How to change the image in the admin login page of WordPress like a pro!

We at Learn2Create recently thought of changing the logo on our admin page from the default WordPress Logo to our own. And, WE DIDN’T WANT TO USE A PLUGIN TO DO THAT!


  • Access to the CPanel
  • Basic knowledge about css and using broswer tools

Just like everyone I googled up “Change WordPress Logo on Admin login page” and tons of articles loaded up but, none of them were helpful. One article suggest that I insert a piece of code to override the settings or to use a plugin.

The official documentation by WordPress wasn’t clear about which file I had to edit.

Here’s how I did it, without overriding the settings or installing a plugin.

In pointers:

1. Open the wp-login.php file present in the root (public_html) of your WordPress installation.
File Path : root > wp-login.php

2. Open the external CSS file ‘login.min.css’  present in the css folder inside wp-admin folder.
File Path : root > wp-admin > css > login.min.css

3. Using Page Search feature on the browser CRTL+F search for '.png' in the CSS file. By default there will be two images - a .png and a .svg file. Remove the URL from the background style and replace it with the URL to your logo.

.login h1 a{
background-position:center top;
margin:0 auto 25px;


4. Congratulations, you have successfully changed the image that loads up in your wordpress admin login page.

But, notice that the image still links to ‘’ and the alt text says ‘Powered by WordPress’. To change that, head back to the wp-login.php file and using Page Search feature (CRTL+F) search for ‘Powered by WordPress’; you’ll find two lines – the link and the alt text, change them both and you are good to go!

do_action( 'login_head' );

if ( is_multisite() ) {
 $login_header_url = network_home_url();
 $login_header_title = get_network()->site_name;
 } else {
 $login_header_url = __( '' );
 $login_header_title = __( 'YourSiteName' );



  • If you do not have a ‘login.min.css’ file then edit the ‘login.css‘ file.
  • If the new logo that you added doesn’t fit then, set the width to 100% and change the background-size till it fits properly.

Hope this helps! 🙂

Check Out Other Beginner’s Articles on Learn2Create:

Run a program on Raspberry Pi using after closing SSH Connection
Programming an Arduino using a Raspberry Pi
A beginner’s guide to Programming
A beginner’s guide to Android Development
A beginner’s guide to Robotics

Let us know of any updates or edits on this matter in the comment section below. Learn to create with Learn2Create!

Run A Program On Raspberry Pi After Closing SSH Connection

Run A Program On Raspberry Pi After Closing SSH Connection

Are you one of those guys who prefer to use a headless Raspberry Pi connected via SSH?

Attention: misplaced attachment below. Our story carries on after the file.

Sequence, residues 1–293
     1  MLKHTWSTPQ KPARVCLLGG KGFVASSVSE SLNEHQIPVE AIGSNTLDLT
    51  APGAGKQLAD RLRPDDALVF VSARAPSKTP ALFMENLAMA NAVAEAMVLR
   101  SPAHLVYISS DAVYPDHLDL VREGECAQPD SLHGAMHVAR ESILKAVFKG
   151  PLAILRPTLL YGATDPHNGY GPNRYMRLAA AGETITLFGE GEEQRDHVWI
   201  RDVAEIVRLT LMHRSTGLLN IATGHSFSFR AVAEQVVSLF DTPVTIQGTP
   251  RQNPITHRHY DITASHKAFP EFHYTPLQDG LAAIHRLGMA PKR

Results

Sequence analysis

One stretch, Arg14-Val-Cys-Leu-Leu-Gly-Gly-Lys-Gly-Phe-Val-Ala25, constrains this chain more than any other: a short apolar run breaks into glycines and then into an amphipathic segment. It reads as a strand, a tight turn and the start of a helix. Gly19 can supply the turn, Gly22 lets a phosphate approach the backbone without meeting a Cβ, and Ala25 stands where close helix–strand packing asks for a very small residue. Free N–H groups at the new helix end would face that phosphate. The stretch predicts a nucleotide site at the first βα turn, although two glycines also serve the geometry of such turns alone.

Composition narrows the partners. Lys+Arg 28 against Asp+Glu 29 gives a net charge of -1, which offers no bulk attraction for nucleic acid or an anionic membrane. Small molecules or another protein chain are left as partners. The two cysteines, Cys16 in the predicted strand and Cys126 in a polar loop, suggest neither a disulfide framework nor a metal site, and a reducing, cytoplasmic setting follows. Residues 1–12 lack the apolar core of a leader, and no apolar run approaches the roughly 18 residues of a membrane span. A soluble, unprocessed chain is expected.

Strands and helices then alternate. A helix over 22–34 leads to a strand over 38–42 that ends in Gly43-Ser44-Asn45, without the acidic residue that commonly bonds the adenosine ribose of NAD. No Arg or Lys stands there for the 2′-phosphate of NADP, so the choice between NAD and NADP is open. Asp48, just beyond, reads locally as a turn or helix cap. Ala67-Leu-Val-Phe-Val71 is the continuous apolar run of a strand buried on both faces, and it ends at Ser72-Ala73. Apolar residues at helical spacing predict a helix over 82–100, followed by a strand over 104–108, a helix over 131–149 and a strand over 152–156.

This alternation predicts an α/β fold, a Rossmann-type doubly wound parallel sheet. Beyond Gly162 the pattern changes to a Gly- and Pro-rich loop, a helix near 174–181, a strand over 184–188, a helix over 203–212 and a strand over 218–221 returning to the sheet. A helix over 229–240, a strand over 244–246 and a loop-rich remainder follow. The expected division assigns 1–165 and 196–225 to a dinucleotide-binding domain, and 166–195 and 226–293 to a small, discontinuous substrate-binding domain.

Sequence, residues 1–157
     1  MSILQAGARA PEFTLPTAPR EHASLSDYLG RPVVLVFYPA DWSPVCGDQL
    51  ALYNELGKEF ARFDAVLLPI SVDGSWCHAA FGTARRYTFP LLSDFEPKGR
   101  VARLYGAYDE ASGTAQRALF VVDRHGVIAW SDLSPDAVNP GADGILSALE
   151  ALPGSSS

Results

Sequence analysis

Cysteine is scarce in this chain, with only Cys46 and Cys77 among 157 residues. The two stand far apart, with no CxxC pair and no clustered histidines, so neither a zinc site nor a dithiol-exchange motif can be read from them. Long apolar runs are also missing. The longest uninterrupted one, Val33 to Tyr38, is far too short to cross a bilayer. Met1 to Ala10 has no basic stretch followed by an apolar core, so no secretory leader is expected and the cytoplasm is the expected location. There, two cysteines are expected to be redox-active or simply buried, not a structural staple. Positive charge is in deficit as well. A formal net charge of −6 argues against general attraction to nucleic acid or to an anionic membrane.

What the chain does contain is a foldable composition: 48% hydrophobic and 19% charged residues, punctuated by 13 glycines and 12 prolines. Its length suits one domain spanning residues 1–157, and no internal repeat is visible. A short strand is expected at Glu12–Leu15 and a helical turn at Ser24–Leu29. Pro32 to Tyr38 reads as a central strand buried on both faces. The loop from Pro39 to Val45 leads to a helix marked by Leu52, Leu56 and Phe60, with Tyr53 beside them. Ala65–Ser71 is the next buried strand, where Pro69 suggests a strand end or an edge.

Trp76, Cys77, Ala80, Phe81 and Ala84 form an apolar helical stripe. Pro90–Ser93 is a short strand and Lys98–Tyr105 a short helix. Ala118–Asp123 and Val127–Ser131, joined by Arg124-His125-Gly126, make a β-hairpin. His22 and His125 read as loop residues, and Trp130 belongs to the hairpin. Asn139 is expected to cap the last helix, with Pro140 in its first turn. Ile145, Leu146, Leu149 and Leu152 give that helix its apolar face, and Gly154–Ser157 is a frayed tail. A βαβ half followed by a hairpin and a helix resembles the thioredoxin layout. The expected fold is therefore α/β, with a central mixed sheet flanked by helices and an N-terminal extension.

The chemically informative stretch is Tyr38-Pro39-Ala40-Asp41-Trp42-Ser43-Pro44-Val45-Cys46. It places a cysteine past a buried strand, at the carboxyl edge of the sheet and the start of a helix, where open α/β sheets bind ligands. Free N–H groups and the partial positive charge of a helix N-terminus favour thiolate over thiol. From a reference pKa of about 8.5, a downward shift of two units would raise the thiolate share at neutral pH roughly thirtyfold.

Have you tried running a script on Raspberry Pi and wished you could terminate the SSH connection, shut down your PC and just go about doing your thing while the Pi keeps on running the script you asked it to?

There are multiple ways of keeping a program running in the background even after terminating the terminal process and/or the SSH connection.

The one that I particularly found apt for this situation is the ‘screen’. ‘Screen’ is not included in raspbian by default so we would have to install it on our Raspberry Pi.

Just in case you aren’t through the setup, here’s how: Setting up a Headless Raspberry Pi

Let’s start by SSH ‘ing into your Raspberry Pi:

[email protected]: ssh [email protected]

Once you have established a connection with your Raspberry Pi proceed further to,

1. Installing the ‘screen’ on your Pi:

[email protected]:~ $ sudo apt-get install screen

2. Check the number of ‘screen’ processes running by:

[email protected]:~ $ screen -list
No sockets found in /var/run/screen/S-pi.

*This means that there are no current programs running using screen. Let’s start a process!

Say you want to run a python program called that prints out ‘HEY’ every 30 seconds.

#!/usr/bin/env pythons
from time import sleep
while True:

3. Initiate a process on the ‘screen’:

[email protected]:~ $ screen python3 &

*The ‘&‘ keeps the process running in background

4. Break/Detach from the ‘screen’ process:

Press CRTL+A and CRTL+D in succession

5. Check for the ‘screen’ processes:

[email protected]:~ $ screen -list
There is a screen on:
	1840.pts-0.raspberrypi	(15/02/18 12:13:31)	(Detached)
1 Socket in /var/run/screen/S-pi.

*This shows that one screen process is running in the background. NOTE: In 1840.pts-0.raspberrypi the 1840 is the process ID within ‘Screen’.

6. Re-enter the ‘screen’ process:

[email protected]:~ $ screen -r 1840

*If there is only one process running under screen then you don’t have to use the process ID.

You can view all the outputs in the particular ‘screen’ after re-entering it.

At this point you can exit the screen by pressing CRTL+A and CRTL+D in succession. Exit the SSH connection and also the local terminal running on your PC, the program will keep on running unless you re-enter the screen and manually exit the process.

Visit Screen on

Check Out Other Beginner’s Articles on Learn2Create:

Guide to setting up a Raspberry Pi
Programming an Arduino using a Raspberry Pi
A beginner’s guide to Programming
A beginner’s guide to Android Development
A beginner’s guide to Robotics

Let us know of any updates or edits on this matter in the comment section below. Learn to create with Learn2Create!

How to turn on led light on raspberry pi

How to turn on led raspberry pi

This post only covers the simple step to turn ON a LED accessing the GPIO pins using the python GPIO library. To learn how to turn ON/OFF a LED using a web interface follow the link present at the bottom of the post.

How to turn on led raspberry pi


  1. A Raspberry pi, obviously. We are using the raspberry pi 3 model B
  2. A Breadboard. What is it?
  3. A LED
  4. A 330 ohm resistor
  5. Two Male-Female jumper wires

You can buy points 2-5 from a local electric shop. It cost me $1.50.


  • Boot up the Raspberry pi.
  • Create a file on your raspberry pi and name it (for now). If you are connected to raspberry pi via SSH then nano
  • Copy the below code and paste it to the file. We will be using the GPIO pin #17 since it’s common in all raspberry pis. Read the comments to know what each line does.